World J Nephrol Urol
World Journal of Nephrology and Urology, ISSN 1927-1239 print, 1927-1247 online, Open Access
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Case Report

Volume 2, Number 2, November 2013, pages 76-78


Wilms’ Tumor With Transureteric Extension Into Bladder

Bhanu Mariyappaa, b, Japinder Khosaa, Andrew Barkera, Naeem Samnakaya

aDepartment of Surgery, Princess Margaret Hospital for Children, Perth, Western Australia, Australia
bCorresponding author: Bhanu Mariyappa, Department of Paediatric Surgery, Princess Margaret Hospital, Perth, Western Australia, Australia

Manuscript accepted for publication September 25, 2013
Short title: Wilms’ Tumor
doi: https://doi.org/10.4021/wjnu84w

Abstract▴Top 

We report a case of 15 months old boy with Wilms’ tumor with transureteric extension of the tumor into the bladder. His chief complaint was passage of brownish yellow pasty like material per urethrally. Examination revealed a mass in the right flank. CT scan showed a large mass arising from the right kidney and extending down the right dilated ureter into the bladder. A radical right nephroureterectomy was performed. Histopathology revealed triphasic nephroblastoma without invasion of ureteric wall or nodal metastasis. The tumor was classified as Cassady stage 1 Wilms’ tumor and hence did not require adjuvant chemotherapy or radiotherapy. If clinically suspicious of ureteric extension of tumor and if imaging does not pick it or is unclear, cystoscopy and retrograde pyelogram are recommended to prevent transecting unsuspected tumor in ureter which will upstage the tumor.

Keywords: Wilms’ tumor; Transureteric extension; Hematuria

Introduction▴Top 

We report an interesting case of Wilms’ tumor with extension of the tumor in a polypoid fashion, through the ureter into the bladder.

It is very uncommon for Wilms’ tumor to extend into the ureter and bladder. According to the NWTSG database, ureteral extension is seen in only 2% of Wilms’ patients and bladder extension in even fewer [1]. Presence of gross hematuria suggests the possibility of involvement of the collecting system. Routine preoperative imaging with ultrasound and CT may detect such ureteric extension, so that the tumor and ureteral extension can be planned to be removed en bloc to avoid cutting across the tumor.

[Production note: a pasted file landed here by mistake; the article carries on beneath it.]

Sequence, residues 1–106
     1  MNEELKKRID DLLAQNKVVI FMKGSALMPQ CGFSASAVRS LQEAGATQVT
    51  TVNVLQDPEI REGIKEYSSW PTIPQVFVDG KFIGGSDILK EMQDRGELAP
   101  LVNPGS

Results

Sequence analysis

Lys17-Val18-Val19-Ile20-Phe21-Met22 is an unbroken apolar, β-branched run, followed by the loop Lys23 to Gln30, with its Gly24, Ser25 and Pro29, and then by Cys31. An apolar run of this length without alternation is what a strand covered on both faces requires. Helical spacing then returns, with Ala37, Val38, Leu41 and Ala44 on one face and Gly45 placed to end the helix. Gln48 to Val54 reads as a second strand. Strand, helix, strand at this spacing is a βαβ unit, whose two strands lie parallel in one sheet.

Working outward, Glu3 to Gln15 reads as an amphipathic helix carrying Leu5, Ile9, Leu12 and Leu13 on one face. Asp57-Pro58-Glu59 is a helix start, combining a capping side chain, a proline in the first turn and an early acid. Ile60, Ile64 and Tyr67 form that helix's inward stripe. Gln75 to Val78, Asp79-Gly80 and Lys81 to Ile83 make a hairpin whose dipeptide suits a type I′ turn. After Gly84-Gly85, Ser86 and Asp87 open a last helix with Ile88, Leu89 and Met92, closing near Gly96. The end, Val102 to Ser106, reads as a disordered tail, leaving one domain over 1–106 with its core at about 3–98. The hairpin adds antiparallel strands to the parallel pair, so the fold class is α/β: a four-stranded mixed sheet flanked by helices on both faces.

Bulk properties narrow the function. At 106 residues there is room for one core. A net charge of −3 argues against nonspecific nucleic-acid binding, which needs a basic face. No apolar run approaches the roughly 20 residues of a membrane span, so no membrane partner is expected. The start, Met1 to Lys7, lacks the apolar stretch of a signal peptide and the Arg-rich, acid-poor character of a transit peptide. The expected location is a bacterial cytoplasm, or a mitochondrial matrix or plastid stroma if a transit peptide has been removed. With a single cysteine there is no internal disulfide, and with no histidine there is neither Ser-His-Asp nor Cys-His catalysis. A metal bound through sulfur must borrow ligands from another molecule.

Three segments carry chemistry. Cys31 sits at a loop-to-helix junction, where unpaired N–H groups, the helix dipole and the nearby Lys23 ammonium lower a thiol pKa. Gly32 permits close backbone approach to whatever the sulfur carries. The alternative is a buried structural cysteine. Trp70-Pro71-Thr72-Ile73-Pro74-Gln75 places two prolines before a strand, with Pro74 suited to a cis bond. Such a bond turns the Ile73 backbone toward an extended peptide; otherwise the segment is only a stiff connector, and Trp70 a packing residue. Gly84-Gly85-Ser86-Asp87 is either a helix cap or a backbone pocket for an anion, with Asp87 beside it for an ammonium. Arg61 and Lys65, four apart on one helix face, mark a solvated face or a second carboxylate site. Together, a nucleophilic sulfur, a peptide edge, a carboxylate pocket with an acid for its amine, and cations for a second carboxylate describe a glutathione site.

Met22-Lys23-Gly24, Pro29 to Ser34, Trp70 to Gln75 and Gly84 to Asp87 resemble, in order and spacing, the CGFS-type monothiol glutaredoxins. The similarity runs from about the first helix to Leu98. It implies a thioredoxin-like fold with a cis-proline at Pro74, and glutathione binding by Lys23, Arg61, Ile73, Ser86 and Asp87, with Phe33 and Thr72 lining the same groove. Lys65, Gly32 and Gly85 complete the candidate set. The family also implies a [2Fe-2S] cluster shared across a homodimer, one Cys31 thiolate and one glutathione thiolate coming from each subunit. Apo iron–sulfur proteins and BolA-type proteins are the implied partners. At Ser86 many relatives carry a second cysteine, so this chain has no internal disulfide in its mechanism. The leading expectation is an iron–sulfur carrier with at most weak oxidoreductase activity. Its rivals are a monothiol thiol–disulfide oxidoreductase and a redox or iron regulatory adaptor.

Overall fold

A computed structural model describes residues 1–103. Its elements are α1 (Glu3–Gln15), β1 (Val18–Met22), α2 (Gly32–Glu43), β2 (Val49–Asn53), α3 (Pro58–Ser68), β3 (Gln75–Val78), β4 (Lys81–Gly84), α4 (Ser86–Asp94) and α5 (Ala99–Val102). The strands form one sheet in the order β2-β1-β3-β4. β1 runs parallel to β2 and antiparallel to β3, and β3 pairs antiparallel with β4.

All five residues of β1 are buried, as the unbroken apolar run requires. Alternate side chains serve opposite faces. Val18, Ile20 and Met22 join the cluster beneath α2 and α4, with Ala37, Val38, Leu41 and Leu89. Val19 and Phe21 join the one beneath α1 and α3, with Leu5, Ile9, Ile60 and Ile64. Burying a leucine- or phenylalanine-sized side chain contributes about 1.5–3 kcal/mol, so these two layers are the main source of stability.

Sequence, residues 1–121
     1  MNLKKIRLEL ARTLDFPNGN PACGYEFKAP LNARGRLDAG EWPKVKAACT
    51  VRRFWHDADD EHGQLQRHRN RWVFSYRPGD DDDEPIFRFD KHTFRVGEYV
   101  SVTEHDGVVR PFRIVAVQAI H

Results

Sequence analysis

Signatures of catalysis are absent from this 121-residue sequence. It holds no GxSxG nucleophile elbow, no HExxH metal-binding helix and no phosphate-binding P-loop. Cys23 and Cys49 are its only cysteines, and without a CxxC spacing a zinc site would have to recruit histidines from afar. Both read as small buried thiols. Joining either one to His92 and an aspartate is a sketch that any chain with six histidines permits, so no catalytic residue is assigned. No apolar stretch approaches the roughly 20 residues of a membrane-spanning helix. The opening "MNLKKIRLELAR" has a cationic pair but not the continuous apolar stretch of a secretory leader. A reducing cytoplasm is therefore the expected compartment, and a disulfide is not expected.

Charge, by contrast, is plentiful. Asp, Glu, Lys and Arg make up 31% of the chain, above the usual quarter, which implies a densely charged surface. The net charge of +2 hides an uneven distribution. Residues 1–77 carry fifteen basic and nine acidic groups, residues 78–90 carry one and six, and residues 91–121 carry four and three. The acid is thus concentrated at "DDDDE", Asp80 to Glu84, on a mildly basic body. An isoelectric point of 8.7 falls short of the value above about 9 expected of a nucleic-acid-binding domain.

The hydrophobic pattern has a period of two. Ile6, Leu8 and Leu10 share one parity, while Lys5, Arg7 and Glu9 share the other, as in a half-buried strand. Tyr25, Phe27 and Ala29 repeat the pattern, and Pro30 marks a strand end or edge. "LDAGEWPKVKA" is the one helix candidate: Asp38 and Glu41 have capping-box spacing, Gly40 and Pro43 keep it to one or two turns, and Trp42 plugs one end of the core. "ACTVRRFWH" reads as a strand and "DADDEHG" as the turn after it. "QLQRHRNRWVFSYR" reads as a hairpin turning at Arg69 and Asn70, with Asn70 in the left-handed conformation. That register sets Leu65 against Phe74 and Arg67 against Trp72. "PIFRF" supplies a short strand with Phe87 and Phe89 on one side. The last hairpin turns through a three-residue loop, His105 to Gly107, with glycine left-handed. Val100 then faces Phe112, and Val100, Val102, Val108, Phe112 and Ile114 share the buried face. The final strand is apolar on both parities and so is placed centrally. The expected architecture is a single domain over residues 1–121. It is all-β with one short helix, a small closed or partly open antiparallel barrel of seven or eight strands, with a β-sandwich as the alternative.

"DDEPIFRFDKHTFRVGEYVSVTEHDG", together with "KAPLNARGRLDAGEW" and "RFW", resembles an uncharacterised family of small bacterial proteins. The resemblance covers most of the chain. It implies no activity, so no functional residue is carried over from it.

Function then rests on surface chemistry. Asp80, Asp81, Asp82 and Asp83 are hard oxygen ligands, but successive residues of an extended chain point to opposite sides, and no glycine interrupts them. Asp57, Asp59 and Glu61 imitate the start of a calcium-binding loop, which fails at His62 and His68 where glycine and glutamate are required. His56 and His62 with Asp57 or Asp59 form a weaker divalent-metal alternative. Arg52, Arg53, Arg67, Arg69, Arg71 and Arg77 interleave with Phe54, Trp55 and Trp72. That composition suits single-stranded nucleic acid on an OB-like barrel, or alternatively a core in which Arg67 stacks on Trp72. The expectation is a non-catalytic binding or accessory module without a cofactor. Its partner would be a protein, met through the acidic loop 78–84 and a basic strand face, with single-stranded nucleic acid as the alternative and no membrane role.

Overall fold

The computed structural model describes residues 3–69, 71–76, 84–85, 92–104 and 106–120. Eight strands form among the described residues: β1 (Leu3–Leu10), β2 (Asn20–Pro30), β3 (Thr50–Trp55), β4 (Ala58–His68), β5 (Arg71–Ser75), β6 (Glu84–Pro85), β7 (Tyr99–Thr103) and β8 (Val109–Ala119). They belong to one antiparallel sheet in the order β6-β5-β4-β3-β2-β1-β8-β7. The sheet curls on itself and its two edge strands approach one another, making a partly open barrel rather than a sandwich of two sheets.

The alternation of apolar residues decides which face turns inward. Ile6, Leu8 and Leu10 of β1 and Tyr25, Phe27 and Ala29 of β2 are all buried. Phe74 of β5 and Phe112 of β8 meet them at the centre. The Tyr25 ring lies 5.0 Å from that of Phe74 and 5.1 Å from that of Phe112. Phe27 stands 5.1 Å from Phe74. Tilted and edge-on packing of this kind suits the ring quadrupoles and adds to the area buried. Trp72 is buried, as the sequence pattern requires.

We outline the presentation, imaging, and management of our case of Wilms’ with ureteral extension in this article, as well as a review of the literature on the subject.

Case Report▴Top 

A 15-month-old boy presented with a few days’ history of per urethral passage of brownish yellow pasty material, with straining and pain during micturition. There was no history of macroscopic hematuria. The child had a previous similar episode about 3 months prior which quickly settled down; hence his parents did not seek any medical attention.

Physical examination revealed a happy and active child with a firm, large, and non-tender lobulated mass in the right flank. Urinalysis revealed microscopic hematuria. Blood tests showed a hemoglobin of 90 g/L, normal calcium levels, normal liver function, and renal function. Serum LDH was elevated at 1,260 U/L. Urinary catecholamines were not elevated. The tumor markers NSE, AFP, and BHCG were not elevated. The coagulation screen was normal.

Ultrasound scan (USS) showed a large solid/cystic mass arising from the right renal bed. However, USS did not show ureteric extension. CT scan revealed an unusual multiloculated cystic/solid tumor replacing almost all of the right renal parenchyma and extending down the dilated, tortuous right ureter to the level of vesicoureteric junction (Fig. 1). There was no evidence of metastasis or extension of the tumor into the renal vein or venacava.

Figure 1.
Click for large image
Figure 1. CT scan showing tumor extending into bladder.

Cystoscopy prior to excision showed the tumor protruding into the bladder in a polypoid fashion and did not seem to be invading the ureteric orifice or adjacent bladder wall macroscopically (Fig. 2). Cystoscopic biopsy of the protruding mass showed necrotic tissue with dystrophic calcium. A right radical nephroureterectomy was performed through flank and Pfannenstiel’s incision. A cuff of bladder wall was removed around the ureteric orifice, mainly to provide a margin of clearance in case the tumor was invading the ureteric wall.

Figure 2.
Click for large image
Figure 2. Cystoscopic view of tumor protruding into bladder.

The tumor weighed 393 g. Macroscopically heterogenous tumor occupied the entire specimen with only a very fine outer rim of renal parenchyma evident at the lower pole. The tumor filled the pelvicalyceal system, with a large component prolapsing into the ureter. Microscopically this was a triphasic Wilms’ tumor with favorable histology, without sinus, capsular or lymph node involvement and hence the designation was stage 1 tumor (by Cassady criteria - under 24 months of age, unilateral, favorable histology, no metastases). The patient hence did not receive adjuvant chemotherapy or radiotherapy. Follow-up imaging 12 months post surgery did not show any recurrent disease.